European Union foreign policy chief Josep Borrell in Tehran on June 25, 2022

European Union foreign policy chief Josep Borrell in Tehran on June 25, 2022

Iran Says Contacts With EU Continue Over Stalled Nuclear Talks

7/13/2022

Iran says contacts with European Union continue to plan for the resumption of nuclear negotiations, including discussion on a date and venue for the talks.

Foreign ministry’s new spokesperson Naser Kanani in his first weekly briefing with reporters said that chief negotiator Ali Bagheri-Kani is in touch with European Union’s coordinator of the talks Enrique Mora. He added that if the “other sides are committed to multi-lateral talks, Iran is also ready to follow that path.”

The latest round of unsuccessful negotiations took place in Doha, Qatar at the end of June. Bagheri-Kani held ‘proximity talks’ with his US counterpart Robert Malley through Mora, still refusing to meet the Americans in direct talks.

It was not clear if Kanani’s reference to “multi-lateral talks” meant that Tehran does not want negotiations just with the West and wants to bring back China and Russia to any future talks.

President Ebrahim Raisi, however, sounded defiant on Wednesday saying Iran will not retreat from its "rightful and logical" stance in talks to revive the 2015 nuclear pact, state media reported.

Almost one year of negotiations in Vienna ended at an impasse in Vienna in March. Russia, China, the United Kingdom, France and Germany, the participants of the 2015 nuclear deal known as JCPOA were holding sessions with Iran. The United States was present on the sidelines, although it was the main protagonist in the complicated process of restoring the JCPOA.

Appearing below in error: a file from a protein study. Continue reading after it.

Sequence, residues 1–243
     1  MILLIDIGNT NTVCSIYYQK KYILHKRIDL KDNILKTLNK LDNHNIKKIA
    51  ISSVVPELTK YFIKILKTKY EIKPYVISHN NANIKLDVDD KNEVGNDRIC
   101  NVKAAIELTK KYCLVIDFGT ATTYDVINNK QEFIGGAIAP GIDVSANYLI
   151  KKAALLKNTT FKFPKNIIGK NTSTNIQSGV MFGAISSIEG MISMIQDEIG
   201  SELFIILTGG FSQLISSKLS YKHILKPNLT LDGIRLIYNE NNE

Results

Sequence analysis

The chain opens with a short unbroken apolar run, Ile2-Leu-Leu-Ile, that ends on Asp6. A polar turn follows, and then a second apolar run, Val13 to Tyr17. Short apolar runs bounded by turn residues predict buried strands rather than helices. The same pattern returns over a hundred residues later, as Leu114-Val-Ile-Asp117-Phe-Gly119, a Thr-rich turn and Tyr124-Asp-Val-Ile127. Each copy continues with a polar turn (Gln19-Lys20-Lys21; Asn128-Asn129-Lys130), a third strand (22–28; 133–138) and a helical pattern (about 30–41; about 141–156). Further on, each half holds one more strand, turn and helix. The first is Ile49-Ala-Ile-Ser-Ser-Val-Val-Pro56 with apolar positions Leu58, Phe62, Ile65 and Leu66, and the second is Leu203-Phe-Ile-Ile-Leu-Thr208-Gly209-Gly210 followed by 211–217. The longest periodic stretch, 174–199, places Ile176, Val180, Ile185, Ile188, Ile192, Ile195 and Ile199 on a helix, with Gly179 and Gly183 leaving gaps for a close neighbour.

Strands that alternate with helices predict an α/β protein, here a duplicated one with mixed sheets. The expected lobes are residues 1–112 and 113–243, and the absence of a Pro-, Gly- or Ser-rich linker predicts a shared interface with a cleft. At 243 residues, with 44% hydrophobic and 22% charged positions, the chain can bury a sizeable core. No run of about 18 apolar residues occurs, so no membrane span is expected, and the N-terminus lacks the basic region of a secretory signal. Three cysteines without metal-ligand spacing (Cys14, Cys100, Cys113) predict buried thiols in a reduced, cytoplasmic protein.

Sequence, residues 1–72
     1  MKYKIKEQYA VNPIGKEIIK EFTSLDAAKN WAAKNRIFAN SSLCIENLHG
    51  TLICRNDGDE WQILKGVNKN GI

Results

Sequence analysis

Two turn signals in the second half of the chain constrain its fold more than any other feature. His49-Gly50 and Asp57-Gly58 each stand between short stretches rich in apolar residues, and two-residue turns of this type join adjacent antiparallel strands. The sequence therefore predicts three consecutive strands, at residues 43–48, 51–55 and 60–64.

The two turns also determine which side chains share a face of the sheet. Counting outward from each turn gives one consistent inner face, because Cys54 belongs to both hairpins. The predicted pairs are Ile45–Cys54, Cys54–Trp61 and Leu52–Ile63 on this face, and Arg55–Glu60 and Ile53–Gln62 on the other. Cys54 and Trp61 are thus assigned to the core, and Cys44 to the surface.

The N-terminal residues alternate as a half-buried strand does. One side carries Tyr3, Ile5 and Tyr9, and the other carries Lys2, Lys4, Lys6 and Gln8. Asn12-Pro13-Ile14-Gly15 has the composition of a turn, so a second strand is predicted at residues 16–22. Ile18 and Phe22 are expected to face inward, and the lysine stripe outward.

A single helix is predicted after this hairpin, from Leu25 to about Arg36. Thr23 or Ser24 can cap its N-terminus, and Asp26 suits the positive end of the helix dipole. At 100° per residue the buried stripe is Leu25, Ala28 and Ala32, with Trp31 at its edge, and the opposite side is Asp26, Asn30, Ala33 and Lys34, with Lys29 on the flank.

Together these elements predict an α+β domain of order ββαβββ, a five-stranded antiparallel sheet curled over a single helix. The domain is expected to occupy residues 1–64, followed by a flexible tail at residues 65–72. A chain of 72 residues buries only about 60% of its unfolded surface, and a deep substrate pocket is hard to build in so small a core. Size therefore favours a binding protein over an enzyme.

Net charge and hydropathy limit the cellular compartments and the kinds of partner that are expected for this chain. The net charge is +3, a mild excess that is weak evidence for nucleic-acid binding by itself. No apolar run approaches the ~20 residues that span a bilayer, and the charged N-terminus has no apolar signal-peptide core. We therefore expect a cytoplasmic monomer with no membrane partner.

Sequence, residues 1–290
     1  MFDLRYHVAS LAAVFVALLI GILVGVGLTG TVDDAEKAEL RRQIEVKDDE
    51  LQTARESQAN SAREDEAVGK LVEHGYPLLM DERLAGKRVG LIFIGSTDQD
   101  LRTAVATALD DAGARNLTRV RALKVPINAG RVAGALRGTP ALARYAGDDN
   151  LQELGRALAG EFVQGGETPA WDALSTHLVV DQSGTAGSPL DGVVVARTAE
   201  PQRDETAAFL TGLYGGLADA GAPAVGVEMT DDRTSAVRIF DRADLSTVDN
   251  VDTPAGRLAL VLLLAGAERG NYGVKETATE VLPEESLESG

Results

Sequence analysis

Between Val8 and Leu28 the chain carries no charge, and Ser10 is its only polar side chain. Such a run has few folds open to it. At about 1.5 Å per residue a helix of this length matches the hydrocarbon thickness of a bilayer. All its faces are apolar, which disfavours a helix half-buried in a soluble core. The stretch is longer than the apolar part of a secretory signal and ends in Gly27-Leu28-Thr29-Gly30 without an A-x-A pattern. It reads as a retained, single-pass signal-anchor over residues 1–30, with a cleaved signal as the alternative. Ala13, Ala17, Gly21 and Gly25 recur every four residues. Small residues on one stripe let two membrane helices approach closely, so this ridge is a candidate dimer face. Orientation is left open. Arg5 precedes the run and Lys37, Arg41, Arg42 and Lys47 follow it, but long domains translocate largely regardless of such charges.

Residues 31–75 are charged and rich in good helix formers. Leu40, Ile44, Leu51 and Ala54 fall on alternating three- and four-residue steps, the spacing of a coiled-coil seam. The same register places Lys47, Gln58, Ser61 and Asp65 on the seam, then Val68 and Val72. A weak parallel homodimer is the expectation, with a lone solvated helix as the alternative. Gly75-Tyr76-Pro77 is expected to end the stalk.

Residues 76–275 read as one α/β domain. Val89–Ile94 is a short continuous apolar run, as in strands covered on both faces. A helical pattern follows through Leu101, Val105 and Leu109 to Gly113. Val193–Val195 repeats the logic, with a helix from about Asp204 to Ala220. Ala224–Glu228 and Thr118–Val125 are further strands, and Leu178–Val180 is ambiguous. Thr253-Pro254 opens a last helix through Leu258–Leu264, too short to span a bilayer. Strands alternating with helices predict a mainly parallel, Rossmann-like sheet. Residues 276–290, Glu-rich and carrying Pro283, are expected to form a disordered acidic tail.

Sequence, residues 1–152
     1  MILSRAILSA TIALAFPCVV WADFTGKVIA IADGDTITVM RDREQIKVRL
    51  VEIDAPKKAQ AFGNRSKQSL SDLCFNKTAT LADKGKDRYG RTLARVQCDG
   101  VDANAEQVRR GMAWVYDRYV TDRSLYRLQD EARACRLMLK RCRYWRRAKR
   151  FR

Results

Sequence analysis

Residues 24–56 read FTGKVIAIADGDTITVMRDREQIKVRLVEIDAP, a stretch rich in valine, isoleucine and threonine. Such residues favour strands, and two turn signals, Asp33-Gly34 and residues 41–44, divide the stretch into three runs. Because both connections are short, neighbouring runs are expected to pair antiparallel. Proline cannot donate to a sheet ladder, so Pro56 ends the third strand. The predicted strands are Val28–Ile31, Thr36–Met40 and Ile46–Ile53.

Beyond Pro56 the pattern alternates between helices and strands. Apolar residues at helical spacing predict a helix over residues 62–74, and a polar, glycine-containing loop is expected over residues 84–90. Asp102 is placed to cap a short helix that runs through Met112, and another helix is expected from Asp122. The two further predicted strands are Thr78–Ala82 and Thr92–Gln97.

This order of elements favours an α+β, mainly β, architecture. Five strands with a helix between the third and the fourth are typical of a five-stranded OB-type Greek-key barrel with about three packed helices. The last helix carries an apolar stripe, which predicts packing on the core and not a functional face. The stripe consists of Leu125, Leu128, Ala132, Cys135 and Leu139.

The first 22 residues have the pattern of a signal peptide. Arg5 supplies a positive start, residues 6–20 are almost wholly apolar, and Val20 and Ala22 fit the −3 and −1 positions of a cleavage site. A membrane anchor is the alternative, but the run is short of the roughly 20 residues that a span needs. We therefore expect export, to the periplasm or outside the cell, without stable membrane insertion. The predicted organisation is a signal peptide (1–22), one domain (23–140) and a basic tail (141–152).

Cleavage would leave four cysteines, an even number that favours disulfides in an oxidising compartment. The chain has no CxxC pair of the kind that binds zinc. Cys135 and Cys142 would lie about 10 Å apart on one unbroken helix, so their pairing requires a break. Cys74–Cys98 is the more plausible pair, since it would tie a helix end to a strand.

Kanani repeated Iran’s demand of guarantees for its economic benefits if an agreement is reached. The US has agreed to left major economic sanctions, but Iran is insisting on all sanction imposed by the former US administration to be removed, including terrorism penalties imposed on companies, individuals and the Revolutionary Guard.

The foreign ministry spokesman also dismissed statements by President Joe Biden published last week in The Washington Post, that said the US will keep up economic and diplomatic pressure on Tehran until it is will to reach a nuclear agreement.

Biden also said that his administration has been able to deter attacks by forces aligned with Iran in the Middle East.

Kanani engaged in a long monologue, accusing the United States of bringing instability to the region and said that Biden had no right to accuse Iran or its allies of sowing discord in the region.

Kanani also responded to Israeli statements about having the right to prevent Iran from obtaining nuclear weapons. He retorted that Israel has not signed the Nuclear Non-Proliferation treat (NPT) and has a large stockpile of nuclear weapons, so it has not right to accuse Iran’s “peaceful nuclear program” of having any military dimensions.

Iran began its nuclear program in 1990s secretly until its existence was revealed in 2002. Some aspects of that secret phase still remain unexplained and the International Atomic Energy Agency’s board of governors overwhelmingly censured Tehran in its June meeting.

Kanani repeated the Iranian threat of a “decisive response” to any Israeli action that would be “regretted by the Zionist regime.”

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